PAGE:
Turn the other cheek?

January 12, 2003

Sometimes it is not enough to just plant trees on the hillside in the soft sun — parting those grasses with your searching fingers and inserting into the moist dark earth a tender she-oak seedling; a newly born about to embark on its own search for sustenance from above and below.

With each placement a prayer.

With each placement a new family member welcomed into an already established family of 3000 sister and brother she-oaks planted over the past ten years.


Beyond the goodness of this act, just a mile away, bulldozers this past spring cut a swath through ancient soils and elder trees.

Trees whose roots, reaching down for countless years, have allowed branches to reach up and bring into the light of their leaves a co-existent beauty shared by many.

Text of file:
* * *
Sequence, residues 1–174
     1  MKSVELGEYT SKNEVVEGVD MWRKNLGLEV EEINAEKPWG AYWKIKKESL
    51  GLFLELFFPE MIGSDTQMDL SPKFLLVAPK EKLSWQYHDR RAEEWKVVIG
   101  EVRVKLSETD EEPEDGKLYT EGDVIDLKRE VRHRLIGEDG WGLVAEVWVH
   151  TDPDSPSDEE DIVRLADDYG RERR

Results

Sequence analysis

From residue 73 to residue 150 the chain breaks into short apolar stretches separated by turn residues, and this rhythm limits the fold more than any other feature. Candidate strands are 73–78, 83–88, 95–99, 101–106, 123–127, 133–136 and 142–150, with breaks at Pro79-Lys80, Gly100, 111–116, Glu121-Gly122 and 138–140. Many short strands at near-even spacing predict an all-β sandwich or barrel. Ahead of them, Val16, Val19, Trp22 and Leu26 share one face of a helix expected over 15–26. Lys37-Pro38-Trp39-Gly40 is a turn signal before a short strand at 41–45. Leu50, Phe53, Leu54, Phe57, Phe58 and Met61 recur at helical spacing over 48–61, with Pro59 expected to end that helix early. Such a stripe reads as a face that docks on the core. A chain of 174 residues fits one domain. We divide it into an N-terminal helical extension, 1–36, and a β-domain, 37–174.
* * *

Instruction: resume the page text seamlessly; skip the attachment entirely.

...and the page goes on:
Trees who have asked nothing of anyone except to be who they are.

The equivalent of my planting of ten years was undone in less than one day.

Would it have been proper to “turn the other cheek” and continue to plant my trees in contemplative silence while, within earshot, an unjust pain was heard on an adjacent hill through the roar of engines.

I thought not. Using my artistic mind, I had fabricated a professional looking, large metal sign (seven feet by four feet) and erected it at the entrance to my drive along Roaring Beach Road.

After two months, I took it down feeling that it had served its purpose of “bearing witness” to the unethical, yet legal, practice of clearfelling.

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